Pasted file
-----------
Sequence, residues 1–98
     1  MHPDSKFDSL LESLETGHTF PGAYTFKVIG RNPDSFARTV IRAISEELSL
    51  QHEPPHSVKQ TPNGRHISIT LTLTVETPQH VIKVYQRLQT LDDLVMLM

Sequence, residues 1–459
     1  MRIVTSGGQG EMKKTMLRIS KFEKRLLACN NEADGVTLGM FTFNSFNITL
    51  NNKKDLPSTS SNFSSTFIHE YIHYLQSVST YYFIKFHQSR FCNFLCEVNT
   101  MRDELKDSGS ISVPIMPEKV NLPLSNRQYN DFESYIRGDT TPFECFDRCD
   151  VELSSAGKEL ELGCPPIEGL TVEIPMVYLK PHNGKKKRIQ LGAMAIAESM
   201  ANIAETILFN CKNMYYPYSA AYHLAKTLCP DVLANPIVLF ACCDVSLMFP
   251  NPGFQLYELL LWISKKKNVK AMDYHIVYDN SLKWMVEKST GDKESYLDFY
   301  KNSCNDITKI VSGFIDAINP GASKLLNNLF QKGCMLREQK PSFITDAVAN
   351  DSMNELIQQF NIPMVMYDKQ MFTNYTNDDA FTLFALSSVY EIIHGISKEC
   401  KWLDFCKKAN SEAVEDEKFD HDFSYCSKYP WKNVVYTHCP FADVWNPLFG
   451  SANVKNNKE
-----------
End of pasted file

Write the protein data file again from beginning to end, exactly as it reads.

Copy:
Sequence, residues 1–98
     1  MHPDSKFDSL LESLETGHTF PGAYTFKVIG RNPDSFARTV IRAISEELSL
    51  QHEPPHSVKQ TPNGRHISIT LTLTVETPQH VIKVYQRLQT LDDLVMLM

Sequence, residues 1–459
     1  MRIVTSGGQG EMKKTMLRIS KFEKRLLACN NEADGVTLGM FTFNSFNITL
    51  NNKKDLPSTS SNFSSTFIHE YIHYLQSVST YYFIKFHQSR FCNFLCEVNT
   101  MRDELKDSGS ISVPIMPEKV NLPLSNRQYN DFESYIRGDT TPFECFDRCD
   151  VELSSAGKEL ELGCPPIEGL TVEIPMVYLK PHNGKKKRIQ LGAMAIAESM
   201  ANIAETILFN CKNMYYPYSA AYHLAKTLCP DVLANPIVLF ACCDVSLMFP
   251  NPGFQLYELL LWISKKKNVK AMDYHIVYDN SLKWMVEKST GDKESYLDFY
   301  KNSCNDITKI VSGFIDAINP GASKLLNNLF QKGCMLREQK PSFITDAVAN
   351  DSMNELIQQF NIPMVMYDKQ MFTNYTNDDA FTLFALSSVY EIIHGISKEC
   401  KWLDFCKKAN SEAVEDEKFD HDFSYCSKYP WKNVVYTHCP FADVWNPLFG
   451  SANVKNNKE